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Positivity for SATB2 distinguishes Islet1 positive rectal neuroendocrine tumours from pancreaticoduodenal neuroendocrine tumours
  1. Sambit Kumar Mohanty1,2,
  2. Ankit Tiwari1,
  3. Nitin Bhardwaj1,
  4. Fai Chuang2,
  5. Evelyn Kim2,
  6. Hector Lugo2,
  7. Xiaopu Yuan2,
  8. Sameer Al Diffalha3,
  9. Mariza Peralta-Venturina2,
  10. Bonnie Balzer2,
  11. Deepti Dhall3
  1. 1Pathology and Laboratory Medicine, Advanced Medical Research Institute, Bhubaneswar, Odisha, India
  2. 2Pathology and Laboratory Medicine, Cedars-Sinai Medical Center, Los Angeles, California, USA
  3. 3Pathology, The University of Alabama at Birmingham School of Medicine, Birmingham, Alabama, USA
  1. Correspondence to Dr Deepti Dhall, Pathology, The University of Alabama at Birmingham School of Medicine, Birmingham, AL 35233, USA; ddhall{at}uabmc.edu

Abstract

Aims Determining the site of origin of a metastatic neuroendocrine tumour (NET) can be challenging and has important prognostic and therapeutic implications. An immunohistochemical (IHC) panel consisting of TTF1, CDX2, PAX8/PAX6 and Islet1 is often employed. However, there can be a significant IHC overlap among different primary sites. Herein, we sought to determine the utility of including Special AT-rich sequence binding protein-2 (SATB2) in the IHC panel that is used for determining the site of origin of a metastatic NET.

Methods Paraffin tissue microarrays consisting of 137 primary NETs (26 lung, 22 jejunoileal, 8 appendix, 5 stomach, 4 duodenum, 17 rectum and 55 pancreas) were stained for SATB2, in addition to the well-described lineage-associated markers, such as TTF1, CDX2, PAX6 and Islet1. Additionally, a tissue microarray consisting of 21 metastatic NETs (1 lung, 1 stomach, 8 jejunoileal and 11 pancreas) was stained for TTF1, CDX2, SATB2 and Islet1. The results were recorded as no staining, weak staining and moderate to strong staining.

Results All appendiceal NETs and majority (88%) of the rectal NETs were positive for SATB2. All primary foregut NETs (stomach, pancreas, duodenum and lung) were negative for SATB2, except for one pulmonary NET with weak staining. However, among the metastatic tumours, 5 of 11 pancreatic NETs, 1 stomach NET, 1 lung NET and 2 of 8 jejunoileal NETs showed weak staining. Receiver operating characteristic analysis incorporating sensitivity and specificity data of IHC panel, considering moderate to strong staining as truly positive cases, showed that inclusion of SATB2 to the previously described NET IHC panel outperformed the panel without SATB2, raising the specificity for pancreaticoduodenal NETs from 81.2% to 100%, with a positive predictive value (PPV) of 100% and negative predictive value (NPV) of 82.22% (p<0.0001); for appendiceal NETs the specificity changed from 99.1% to 98.5% and sensitivity increased from 11.8% to 80%, with a PPV and NPV of 66.67% and 99.26%, respectively (p<0.0001); and for rectal NETs the specificity increased from 97.6% to 99.3% and sensitivity raised from 7.1% to 66.7%, with a PPV and NPV of 80% and 98.53%, respectively (p<0.0001).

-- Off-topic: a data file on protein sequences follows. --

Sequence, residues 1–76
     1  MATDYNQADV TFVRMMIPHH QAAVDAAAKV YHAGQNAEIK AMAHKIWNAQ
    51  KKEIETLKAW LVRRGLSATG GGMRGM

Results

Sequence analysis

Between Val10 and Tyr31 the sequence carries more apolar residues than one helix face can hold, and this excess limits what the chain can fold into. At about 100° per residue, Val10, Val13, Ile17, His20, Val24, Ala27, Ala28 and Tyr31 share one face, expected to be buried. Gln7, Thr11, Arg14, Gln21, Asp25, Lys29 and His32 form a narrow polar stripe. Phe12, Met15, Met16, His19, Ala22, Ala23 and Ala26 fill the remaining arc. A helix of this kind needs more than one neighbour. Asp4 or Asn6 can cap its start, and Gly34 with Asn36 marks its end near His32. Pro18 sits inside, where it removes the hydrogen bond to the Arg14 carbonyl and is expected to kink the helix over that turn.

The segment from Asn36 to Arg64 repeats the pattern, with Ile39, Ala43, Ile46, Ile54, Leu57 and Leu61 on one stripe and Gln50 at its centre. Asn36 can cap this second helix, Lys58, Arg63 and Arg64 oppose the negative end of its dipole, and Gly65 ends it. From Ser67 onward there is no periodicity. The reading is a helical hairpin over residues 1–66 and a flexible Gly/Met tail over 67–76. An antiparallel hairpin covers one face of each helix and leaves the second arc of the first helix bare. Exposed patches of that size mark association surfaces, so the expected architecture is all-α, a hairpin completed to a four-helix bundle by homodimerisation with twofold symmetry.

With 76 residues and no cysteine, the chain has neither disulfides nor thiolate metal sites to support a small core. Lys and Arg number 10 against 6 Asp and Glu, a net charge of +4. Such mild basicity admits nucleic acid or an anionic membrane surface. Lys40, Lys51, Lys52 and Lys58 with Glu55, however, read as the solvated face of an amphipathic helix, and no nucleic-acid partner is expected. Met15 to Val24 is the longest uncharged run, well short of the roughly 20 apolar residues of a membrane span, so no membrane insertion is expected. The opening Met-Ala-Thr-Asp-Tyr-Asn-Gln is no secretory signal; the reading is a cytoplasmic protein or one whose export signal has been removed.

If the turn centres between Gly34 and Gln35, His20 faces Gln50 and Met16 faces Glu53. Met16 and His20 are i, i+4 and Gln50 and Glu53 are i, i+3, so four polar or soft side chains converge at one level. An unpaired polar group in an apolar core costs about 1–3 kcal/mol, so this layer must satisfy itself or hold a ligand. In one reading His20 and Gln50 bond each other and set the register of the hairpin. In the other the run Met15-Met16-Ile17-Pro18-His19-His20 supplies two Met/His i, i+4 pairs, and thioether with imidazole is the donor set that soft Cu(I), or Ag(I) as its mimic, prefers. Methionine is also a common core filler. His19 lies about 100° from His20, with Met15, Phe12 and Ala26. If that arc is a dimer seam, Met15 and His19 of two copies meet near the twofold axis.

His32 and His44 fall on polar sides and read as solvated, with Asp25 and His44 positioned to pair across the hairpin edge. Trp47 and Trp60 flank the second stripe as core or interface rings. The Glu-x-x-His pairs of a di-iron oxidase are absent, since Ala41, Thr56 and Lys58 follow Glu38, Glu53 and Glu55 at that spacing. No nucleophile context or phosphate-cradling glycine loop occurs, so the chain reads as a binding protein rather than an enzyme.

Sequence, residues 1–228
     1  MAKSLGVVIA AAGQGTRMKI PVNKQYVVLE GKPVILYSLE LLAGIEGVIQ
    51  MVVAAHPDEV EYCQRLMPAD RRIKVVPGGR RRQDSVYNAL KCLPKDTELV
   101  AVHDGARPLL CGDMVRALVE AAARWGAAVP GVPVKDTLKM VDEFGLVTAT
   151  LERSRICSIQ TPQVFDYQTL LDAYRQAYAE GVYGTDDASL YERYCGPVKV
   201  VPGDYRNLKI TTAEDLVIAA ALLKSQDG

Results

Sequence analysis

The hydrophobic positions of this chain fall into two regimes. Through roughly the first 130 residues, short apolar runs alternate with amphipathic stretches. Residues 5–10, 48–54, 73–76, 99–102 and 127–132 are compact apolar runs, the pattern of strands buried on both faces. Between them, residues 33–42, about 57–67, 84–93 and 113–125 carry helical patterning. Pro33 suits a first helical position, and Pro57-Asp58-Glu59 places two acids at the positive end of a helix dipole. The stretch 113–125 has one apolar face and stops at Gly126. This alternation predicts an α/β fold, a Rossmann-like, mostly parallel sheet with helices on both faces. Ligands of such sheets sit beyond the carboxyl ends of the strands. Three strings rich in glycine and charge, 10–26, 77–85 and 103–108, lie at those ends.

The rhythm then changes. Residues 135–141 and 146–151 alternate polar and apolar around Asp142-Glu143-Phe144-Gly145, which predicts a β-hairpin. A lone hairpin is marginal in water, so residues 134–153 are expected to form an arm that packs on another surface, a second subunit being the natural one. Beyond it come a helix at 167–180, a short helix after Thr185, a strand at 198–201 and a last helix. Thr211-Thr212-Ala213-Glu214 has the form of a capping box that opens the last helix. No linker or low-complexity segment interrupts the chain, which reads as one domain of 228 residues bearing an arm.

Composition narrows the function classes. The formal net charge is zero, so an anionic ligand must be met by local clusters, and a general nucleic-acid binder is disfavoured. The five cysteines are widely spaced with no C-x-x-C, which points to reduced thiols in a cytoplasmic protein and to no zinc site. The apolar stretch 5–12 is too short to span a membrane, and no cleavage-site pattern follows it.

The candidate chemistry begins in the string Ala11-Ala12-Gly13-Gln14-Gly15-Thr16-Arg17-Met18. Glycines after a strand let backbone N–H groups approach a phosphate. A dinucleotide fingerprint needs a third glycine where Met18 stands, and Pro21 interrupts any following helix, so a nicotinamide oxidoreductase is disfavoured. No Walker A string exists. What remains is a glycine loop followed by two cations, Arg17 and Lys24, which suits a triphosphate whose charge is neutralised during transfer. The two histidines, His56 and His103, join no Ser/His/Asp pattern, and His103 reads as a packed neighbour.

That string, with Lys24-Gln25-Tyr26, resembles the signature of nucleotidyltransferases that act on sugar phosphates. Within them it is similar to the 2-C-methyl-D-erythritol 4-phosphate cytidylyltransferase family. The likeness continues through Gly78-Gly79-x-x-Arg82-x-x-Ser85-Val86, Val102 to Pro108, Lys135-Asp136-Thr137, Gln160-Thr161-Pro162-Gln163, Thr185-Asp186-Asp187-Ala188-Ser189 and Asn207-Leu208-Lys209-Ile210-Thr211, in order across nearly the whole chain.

Conclusions SATB2 stain is useful in differentiatingIslet1/PAX6 positive pancreatic and rectal NETs, as rectal NETs are typically moderately to strongly positive for SATB2 and pancreatic NETs are usually negative or weakly positive for SATB2. Moderate to strong staining for SATB2 is suggestive of an appendiceal or a rectal primary. SATB2 may complement the panel of CDX2, TTF1 and Islet1 in determining the site of origin of an NET in a metastatic setting.

  • neuroendocrine tumours
  • pancreatic neoplasms
  • rectal neoplasms
  • immunohistochemistry
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Footnotes

  • SKM and AT are joint first authors.

  • Handling editor Dhirendra Govender.

  • Contributors Conception and design: SKM and DD. Development of methodology: SKM, AT, NB and DD. Acquisition of data: SKM, XY, SAD, MP-V and DD. Analysis of data: SKM, AT, NB and DD. Interpretation of data: SKM, AT and DD. Writing and review/revision of the manuscript: SKM, NB, AT, DD and BB. Technical support: EK and FC. Study supervision: DD, SKM and BB.

  • Funding The authors have not declared a specific grant for this research from any funding agency in the public, commercial or not-for-profit sectors.

  • Competing interests None declared.

  • Patient consent for publication Not required.

  • Ethics approval An Institutional Review Board approval was obtained at the Cedars-Sinai Medical Center, Los Angeles, California, USAA prior to the initiation of the study.

  • Provenance and peer review Not commissioned; externally peer reviewed.

  • Data availability statement All data relevant to the study are included in the article. SATB2 in NET.

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